Thursday, June 30, 2005

Off I go

To do the dumbest thing a person can do, drive to a destination roughly seven hours away for July 4th weekend.

It's not my choice, believe me.

Farewell until Tuesday.

Wednesday, June 29, 2005

Feeling Empowered

My right turn signal wasn't lighting up, so rather than let the shop have the car all day and charge me the hour minimum of labor for five minutes of work, I bought a $5 bulb and replaced it myself.

I am woman, hear me roar, my '94 Taurus Wagon too loud to ignore.

Tuesday, June 28, 2005

Things you hear yourself saying "yes" to...

M. is looking at the cover of the August Magnificat:

Why is Mary putting that crown on, Mommy? 'Cause she wants to be cool?

MV, folding laundry and not really listening: Yes...wait! No!

Monday, June 27, 2005

Nothing To Do

When I was little I had a book called Nothing To Do (I hope it's still at my mother's house, because a quick Amazon and Abebooks scan indicates it's both out of print and obscure). It was about a family of--I suppose they were badgers or something--and the father and mother have a lot of chores to get done, they tell the kids to stay outside, and their son complains he has nothing to do. So the father gives him a smooth pebble and tells him it's a nothing-to-do stone and when you hold it in your hand it helps you think of something to do. So first the boy says he's going to play with his erector set and the father says "That's an inside thing to do; you were standing too close to the house. Try again." Then "You could give me a dollar and I could go downtown...." "That's a 'costs money' thing to do. You were standing too close to my wallet." Eventually he finds something to do and later helps his little sister occupy herself.

I think that's the kind of day we're going to have around here. I need to do laundry, bake bread, toast granola (we went through two huge pans in one week), and eight zillion other things I haven't thought of yet. Better find a couple of smooth pebbles.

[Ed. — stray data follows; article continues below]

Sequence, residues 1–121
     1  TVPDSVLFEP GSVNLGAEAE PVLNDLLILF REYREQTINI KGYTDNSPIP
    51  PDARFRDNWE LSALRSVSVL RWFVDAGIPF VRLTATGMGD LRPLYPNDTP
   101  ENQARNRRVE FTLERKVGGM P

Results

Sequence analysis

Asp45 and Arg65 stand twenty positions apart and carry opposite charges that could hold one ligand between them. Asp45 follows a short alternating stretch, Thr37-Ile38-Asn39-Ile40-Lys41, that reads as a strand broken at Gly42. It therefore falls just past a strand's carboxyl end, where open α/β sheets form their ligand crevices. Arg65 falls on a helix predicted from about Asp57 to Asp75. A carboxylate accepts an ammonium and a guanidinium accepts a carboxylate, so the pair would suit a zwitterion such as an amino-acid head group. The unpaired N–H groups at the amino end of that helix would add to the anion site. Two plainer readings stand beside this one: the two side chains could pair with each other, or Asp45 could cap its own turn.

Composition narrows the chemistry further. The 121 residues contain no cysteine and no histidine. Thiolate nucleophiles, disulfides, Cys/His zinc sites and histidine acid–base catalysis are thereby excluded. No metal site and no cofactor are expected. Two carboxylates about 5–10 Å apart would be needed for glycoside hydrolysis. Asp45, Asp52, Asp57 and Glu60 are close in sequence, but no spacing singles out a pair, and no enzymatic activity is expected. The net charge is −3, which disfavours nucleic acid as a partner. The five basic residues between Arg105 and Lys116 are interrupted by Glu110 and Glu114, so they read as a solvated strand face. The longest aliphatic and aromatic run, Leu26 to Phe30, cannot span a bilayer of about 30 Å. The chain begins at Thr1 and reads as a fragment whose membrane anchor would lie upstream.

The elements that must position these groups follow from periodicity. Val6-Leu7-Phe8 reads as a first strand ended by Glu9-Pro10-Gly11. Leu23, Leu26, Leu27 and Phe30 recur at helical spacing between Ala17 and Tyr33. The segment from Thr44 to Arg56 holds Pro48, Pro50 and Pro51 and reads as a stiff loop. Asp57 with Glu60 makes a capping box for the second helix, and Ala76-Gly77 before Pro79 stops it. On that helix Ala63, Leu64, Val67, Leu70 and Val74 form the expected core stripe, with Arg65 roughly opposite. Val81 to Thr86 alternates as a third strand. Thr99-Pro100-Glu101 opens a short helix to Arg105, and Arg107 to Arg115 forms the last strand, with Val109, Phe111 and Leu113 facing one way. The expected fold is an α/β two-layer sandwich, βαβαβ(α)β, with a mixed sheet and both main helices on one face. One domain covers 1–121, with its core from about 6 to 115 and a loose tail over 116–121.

Saturday, June 25, 2005

Bigger Rant Averted

Whereas at morning in a jeweled crown
I bit my fingers and was hard to please,
Having shook disaster till the fruit fell down
I feel tonight more happy and at ease:
Edna St. Vincent Millay, ll. 1-4, sonnet xxiv, Fatal Interview

Edna says it for me almost every time.

I was in a really foul mood yesterday, so foul that I couldn't even manage to type it up, for which be very glad. But at some point the fever broke--not until after I had left a crying phone message for someone at 7 a.m. their time, dropped S. at the skating rink with no socks, and offended a friend by inadvertently making a face when she suggested bringing a sprinkler and slip-n-slide to a barbecue we were both attending later. Okay, the fever broke at the barbecue after two beers, a frozen margarita, and the professional-level funniness of one of my friends' husbands. I wish his genius translated to the written page, but trust me--I'll just tell you one jest involved Pixie Stix.

Oops, gotta run...

Friday, June 24, 2005

Tiny Rant

R. (I can't truthfully say "little R." Anyway, R. my son) woke me out of a glorious, sound, fathoms-deep sleep last night at 11:30 to tell me...that he couldn't sleep.

It's one thing to come and tell me that if I'm, say, watching TV downstairs. Then I might invite you to join me (although I'm a mean mom with adult tastes in TV, and probably not). But when I am lucky enough to be asleep? What am I going to do about it? Yes, it sucks when you can't sleep, but, I a mean mom? I was pretty nice about it, but yeesh!

Tuesday, June 21, 2005


I'm going to take the rest of the week off from blogging, and, if I'm strong enough, from the web in general. I need to focus on settling into a summer routine, and I've been neglecting my book lately. So, 'til the weekend, mes amies.

Monday, June 20, 2005

Been a Long Lonely, Lonely, Lonely, Lonely, Lonely Time

Saturday was R.'s last game of the season, and the head coach's wife took me aside earlier in the week and said, ramblingly, "MV, we're going to get together on Saturday night at the beach, around 6, 6:30, everyone's just going to bring some food to share, we'll send you an e-mail."